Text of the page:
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Incorporating Hydrologic Data and Ecohydrologic Relationships into Ecological Site Descriptions
- Jason Williams, C., Pierson, Frederick B., Spaeth, Kenneth E., Brown, Joel R., Al-Hamdan, Osama Z., Weltz, Mark A., Nearing, Mark A., Herrick, Jeffrey E., Boll, Jan, Robichaud, Peter R., Goodrich, David C., Heilman, Phillip, Guertin, D. Phillip, Hernandez, Mariano, Wei, Haiyan, Hardegree, Stuart P., Strand, Eva K., Bates, Jonathan D., Metz, Loretta J., Nichols, Mary H.
- Rangeland ecology & management 2016 v.69 no.1 pp. 4-19
- adaptive management, ecological site descriptions, ecosystems, hydrologic data, land use, managers, nutrient availability, private lands, range management, rangelands, researchers, soil erosion models, soil water, soil water recharge, vegetation structure, United States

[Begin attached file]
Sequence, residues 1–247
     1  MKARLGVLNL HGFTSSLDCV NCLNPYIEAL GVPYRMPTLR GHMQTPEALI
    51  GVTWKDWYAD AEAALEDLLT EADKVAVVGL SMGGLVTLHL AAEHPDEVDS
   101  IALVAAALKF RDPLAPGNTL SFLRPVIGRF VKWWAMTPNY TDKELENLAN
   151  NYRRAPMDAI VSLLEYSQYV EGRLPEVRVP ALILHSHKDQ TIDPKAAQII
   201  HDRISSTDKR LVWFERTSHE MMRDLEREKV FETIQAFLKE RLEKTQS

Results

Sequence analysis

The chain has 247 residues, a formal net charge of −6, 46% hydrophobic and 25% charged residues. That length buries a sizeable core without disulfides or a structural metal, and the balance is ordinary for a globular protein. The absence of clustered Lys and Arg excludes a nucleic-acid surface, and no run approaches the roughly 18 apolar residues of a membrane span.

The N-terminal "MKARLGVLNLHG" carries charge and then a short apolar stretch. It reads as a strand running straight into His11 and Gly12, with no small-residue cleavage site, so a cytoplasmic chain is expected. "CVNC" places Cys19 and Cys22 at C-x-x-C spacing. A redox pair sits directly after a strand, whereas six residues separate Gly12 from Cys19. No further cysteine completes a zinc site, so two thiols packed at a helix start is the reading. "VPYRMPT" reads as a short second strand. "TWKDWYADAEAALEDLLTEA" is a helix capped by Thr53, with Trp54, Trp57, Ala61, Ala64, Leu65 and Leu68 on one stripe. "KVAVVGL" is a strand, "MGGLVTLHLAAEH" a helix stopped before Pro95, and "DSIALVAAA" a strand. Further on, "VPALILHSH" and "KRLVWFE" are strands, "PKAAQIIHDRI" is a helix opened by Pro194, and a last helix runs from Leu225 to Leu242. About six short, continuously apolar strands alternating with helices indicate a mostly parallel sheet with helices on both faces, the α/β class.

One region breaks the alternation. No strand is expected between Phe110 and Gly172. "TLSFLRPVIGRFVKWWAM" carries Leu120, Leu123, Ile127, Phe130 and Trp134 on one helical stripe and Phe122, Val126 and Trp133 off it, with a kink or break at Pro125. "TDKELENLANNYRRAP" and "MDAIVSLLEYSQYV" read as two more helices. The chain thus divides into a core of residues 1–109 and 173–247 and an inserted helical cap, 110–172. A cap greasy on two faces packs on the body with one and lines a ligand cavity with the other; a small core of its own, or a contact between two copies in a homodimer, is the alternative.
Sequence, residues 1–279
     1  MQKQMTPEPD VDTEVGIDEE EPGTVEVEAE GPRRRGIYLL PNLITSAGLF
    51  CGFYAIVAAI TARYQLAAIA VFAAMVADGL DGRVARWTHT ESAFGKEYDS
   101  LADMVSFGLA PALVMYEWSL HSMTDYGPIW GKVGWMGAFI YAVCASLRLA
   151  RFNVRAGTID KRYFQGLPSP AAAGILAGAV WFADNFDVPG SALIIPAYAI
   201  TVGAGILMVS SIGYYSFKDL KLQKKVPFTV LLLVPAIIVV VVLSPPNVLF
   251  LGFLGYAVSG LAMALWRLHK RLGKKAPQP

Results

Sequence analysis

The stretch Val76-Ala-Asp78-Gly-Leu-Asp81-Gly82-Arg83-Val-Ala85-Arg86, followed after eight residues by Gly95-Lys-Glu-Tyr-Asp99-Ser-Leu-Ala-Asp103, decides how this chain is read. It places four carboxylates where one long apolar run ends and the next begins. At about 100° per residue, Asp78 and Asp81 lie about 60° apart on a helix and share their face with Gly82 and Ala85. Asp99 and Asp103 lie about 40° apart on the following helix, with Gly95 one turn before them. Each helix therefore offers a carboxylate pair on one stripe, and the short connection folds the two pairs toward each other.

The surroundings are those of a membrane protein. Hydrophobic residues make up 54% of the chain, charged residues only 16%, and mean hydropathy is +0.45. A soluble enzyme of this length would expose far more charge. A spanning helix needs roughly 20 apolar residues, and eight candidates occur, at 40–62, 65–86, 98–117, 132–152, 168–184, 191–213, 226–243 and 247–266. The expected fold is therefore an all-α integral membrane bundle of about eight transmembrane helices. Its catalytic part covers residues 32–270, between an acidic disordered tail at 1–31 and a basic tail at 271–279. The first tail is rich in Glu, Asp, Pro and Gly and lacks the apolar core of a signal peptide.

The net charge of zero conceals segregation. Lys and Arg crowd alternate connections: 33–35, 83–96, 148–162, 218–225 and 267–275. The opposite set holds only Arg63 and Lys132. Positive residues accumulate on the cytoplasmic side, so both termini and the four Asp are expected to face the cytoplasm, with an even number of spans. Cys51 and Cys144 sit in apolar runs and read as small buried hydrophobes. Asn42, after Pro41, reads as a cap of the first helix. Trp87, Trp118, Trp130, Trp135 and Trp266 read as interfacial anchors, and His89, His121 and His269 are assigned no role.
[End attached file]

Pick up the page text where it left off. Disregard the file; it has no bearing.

- The purpose of this paper is to recommend a framework and methodology for incorporating hydrologic data and ecohydrologic relationships in Ecological Site Descriptions (ESDs) and thereby enhance the utility of ESDs for assessing rangelands and guiding resilience-based management strategies. Resilience-based strategies assess and manage ecological state dynamics that affect state vulnerability and, therefore, provide opportunities to adapt management. Many rangelands are spatially heterogeneous or sparsely vegetated where the vegetation structure strongly influences infiltration and soil retention. Infiltration and soil retention further influence soil water recharge, nutrient availability, and overall plant productivity. These key ecohydrologic relationships govern the ecologic resilience of the various states and community phases on many rangeland ecological sites (ESs) and are strongly affected by management practices, land use, and disturbances. However, ecohydrologic data and relationships are often missing in ESDs and state-and-transition models (STMs). To address this void, we used literature to determine the data required for inclusion of key ecohydrologic feedbacks into ESDs, developed a framework and methodology for data integration within the current ESD structure, and applied the framework to a select ES for demonstrative purposes. We also evaluated the utility of the Rangeland Hydrology and Erosion Model (RHEM) for assessment and enhancement of ESDs based in part on hydrologic function. We present the framework as a broadly applicable methodology for integrating ecohydrologic relationships and feedbacks into ESDs and resilience-based management strategies. Our proposed framework increases the utility of ESDs to assess rangelands, target conservation and restoration practices, and predict ecosystem responses to management. The integration of RHEM technology and our suggested framework on ecohydrologic relations expands the ecological foundation of the overall ESD concept for rangeland management and is well aligned with resilience-based, adaptive management of US rangelands. The proposed enhancement of ESDs will improve communication between private land owners and resource managers and researchers across multiple disciplines in the field of rangeland management.